Monday, 19 December 2011


I have heard people talk of oil lamps and candles as though they were a sort of witch light. I cannot but think this an instance of modern hyperbole. I lived the better part of life in the electric glare of later 20th century, but for a number of years now have been a lamp-trimmer and a fire-lighter on the Oxford Canal, and I find the difference to one's freedom in life infinitesimal.

For curiosity's sake I timed it. It took me ten minutes to replace the candles, to fill and trim the lamps, and another five to light all and set them in their places. Their light is kindly and efficient, not, as some suppose, dim sparks in a desert of darkness. I have never had to grope.  While the kettle boils (not electric) and the tea steeps, I lay and light the fire. That takes twenty minutes at most. Allow another quarter hour throughout the day for stoking, and you have spent an hour in lighting and heating. Would great thoughts and actions have been born in that self-same hour?

That is not the whole of the matter. The other day I happened across a passage on old lamps and fires in a early guide to housekeeping for the young wife. The writer opinioned, 'Somehow these things seem to keep the self-starter working.' That's it exactly. I have found these little bustling chores of routine initiate the spark of industry, and I turn from them to the real business of the day with a mind already alert and determined.  I have done something; I will do something more. The mind craves these small concerns to bite on: they serve as rallying points for the energies at the beginning and in the interstices of the day.  Without them, I have found that hour saved is spent lying supine, and when I rise at last, behold, it has hung itself around my neck, a great burden of disinclination.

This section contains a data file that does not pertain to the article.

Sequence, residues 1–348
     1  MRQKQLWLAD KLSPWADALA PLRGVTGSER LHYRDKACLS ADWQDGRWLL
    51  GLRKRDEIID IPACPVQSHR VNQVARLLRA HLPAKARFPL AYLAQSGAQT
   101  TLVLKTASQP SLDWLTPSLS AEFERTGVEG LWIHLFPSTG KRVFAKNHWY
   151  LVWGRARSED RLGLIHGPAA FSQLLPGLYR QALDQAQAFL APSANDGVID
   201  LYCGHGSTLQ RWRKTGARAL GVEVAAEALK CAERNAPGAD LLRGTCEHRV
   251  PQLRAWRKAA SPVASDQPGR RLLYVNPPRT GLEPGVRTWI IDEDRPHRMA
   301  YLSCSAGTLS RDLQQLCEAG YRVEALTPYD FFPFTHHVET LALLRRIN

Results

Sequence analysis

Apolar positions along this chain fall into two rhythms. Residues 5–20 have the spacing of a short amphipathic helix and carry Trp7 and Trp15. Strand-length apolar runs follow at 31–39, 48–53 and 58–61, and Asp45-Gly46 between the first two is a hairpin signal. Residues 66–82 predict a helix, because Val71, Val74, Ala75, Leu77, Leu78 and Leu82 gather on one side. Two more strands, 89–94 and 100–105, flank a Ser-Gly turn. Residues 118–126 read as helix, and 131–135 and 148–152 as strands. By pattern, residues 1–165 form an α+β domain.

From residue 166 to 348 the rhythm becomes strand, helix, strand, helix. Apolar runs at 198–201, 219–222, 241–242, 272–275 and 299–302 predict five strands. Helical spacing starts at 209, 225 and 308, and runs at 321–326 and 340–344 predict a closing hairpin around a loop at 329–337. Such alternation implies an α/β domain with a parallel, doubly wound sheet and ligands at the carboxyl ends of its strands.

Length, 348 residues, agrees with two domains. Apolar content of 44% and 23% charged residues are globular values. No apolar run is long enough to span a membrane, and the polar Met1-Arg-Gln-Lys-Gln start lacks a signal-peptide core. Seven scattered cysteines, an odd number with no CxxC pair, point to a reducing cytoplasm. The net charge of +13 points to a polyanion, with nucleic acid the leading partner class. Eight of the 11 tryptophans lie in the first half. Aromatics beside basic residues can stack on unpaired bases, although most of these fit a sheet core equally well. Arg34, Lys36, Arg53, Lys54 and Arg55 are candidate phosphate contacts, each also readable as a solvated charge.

The fire is one of the chief joys of winter. It lives in the stove half the year, for it smoulders all night, bursting into flame again like a greeting when stirred in the morning.  A log fire, when I'm home and awake, is luxurious. Built with the once-living hearts of trees, it must be laid carefully, understandingly, with due respect to the heft and shape of each log, and repaired as it crumbles rosily away.

I sit before it attending drowsily to the small talk of the flames, until the life that has entertained all evening falls apart at last and crumbles in a heap of red ash, striking a fountain of sparks up the chimney.  I rouse myself, glance at the clock; it is time for bed.

Who would grudge the attention due to such a friend?

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